Mediation is a voluntary process of cooperative problem solving in which a neutral third party, with special training and skills, helps individuals to work out mutually acceptable, agreements. The mediator is selected by agreement between the parties.
It is important to note that the mediator does not reach the solution; the parties do, with the mediator's help. Although conflict is difficult to deal with, and emotions often run high, you should come to mediation with an honest desire to reach a settlement that is fair to both and workable in practice. Participants in mediation must be prepared to be flexible in moving away from their initial positions to seek solutions which meet as many of their mutual interests as possible.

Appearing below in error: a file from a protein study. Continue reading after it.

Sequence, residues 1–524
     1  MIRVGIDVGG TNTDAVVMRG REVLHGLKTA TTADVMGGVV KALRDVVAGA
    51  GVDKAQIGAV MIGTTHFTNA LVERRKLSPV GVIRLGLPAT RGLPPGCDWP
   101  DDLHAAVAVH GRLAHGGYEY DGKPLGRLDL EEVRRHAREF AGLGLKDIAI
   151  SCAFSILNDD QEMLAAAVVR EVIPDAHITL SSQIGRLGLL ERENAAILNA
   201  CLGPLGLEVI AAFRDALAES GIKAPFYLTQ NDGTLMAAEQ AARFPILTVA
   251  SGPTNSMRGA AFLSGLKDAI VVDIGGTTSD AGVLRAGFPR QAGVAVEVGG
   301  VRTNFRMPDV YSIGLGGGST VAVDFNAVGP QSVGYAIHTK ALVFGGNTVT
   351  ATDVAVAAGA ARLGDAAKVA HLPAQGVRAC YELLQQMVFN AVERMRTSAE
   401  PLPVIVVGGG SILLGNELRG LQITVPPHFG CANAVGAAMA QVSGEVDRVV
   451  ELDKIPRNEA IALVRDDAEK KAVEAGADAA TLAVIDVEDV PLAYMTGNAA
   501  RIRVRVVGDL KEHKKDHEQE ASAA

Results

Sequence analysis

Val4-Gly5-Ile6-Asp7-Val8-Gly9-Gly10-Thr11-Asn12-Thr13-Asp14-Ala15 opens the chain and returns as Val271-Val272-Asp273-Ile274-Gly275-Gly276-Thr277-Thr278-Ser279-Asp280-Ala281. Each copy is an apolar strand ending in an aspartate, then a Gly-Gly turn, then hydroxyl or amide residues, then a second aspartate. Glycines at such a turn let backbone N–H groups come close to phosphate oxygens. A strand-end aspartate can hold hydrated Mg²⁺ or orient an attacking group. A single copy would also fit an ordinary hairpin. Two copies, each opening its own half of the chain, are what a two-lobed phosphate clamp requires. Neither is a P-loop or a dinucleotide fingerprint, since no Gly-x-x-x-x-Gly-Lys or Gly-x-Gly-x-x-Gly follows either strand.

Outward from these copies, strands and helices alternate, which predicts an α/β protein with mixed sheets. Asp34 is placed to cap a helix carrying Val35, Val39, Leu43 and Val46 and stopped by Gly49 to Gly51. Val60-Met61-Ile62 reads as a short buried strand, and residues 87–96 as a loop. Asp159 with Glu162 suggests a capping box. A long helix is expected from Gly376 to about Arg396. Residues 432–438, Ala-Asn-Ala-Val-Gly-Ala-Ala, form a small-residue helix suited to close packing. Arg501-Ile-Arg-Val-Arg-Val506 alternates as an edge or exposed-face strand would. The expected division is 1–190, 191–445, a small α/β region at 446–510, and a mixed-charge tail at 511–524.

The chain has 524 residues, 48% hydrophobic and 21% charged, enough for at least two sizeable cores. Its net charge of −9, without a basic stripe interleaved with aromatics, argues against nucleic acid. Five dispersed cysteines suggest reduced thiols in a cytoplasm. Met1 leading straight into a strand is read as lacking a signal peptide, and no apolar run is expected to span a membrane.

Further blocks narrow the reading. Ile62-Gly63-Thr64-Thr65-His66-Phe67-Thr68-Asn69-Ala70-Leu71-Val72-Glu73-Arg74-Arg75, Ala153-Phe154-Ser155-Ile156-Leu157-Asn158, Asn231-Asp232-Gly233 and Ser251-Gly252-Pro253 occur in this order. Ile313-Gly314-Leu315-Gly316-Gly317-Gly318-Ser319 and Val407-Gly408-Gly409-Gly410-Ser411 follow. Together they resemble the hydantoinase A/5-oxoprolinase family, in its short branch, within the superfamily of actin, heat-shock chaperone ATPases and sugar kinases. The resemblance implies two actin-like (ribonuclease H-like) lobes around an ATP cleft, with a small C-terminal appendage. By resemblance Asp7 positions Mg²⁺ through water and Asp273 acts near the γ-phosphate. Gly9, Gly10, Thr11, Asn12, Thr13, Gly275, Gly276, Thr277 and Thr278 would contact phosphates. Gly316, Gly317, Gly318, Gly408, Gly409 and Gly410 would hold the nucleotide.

Mediation is voluntary, and either party is free to withdraw from mediation any time during the process. In fact, unless there is an existing contract between the parties which requires mediation if a dispute arises, or if required as part of a mandated court procedure, a party need not participate in mediation. In some circumstances, the mediator may also end the process, if he or she believes that mediation is not appropriate or useful for the parties. Although the process is voluntary, agreements reached through mediation can be as valid as any other contract.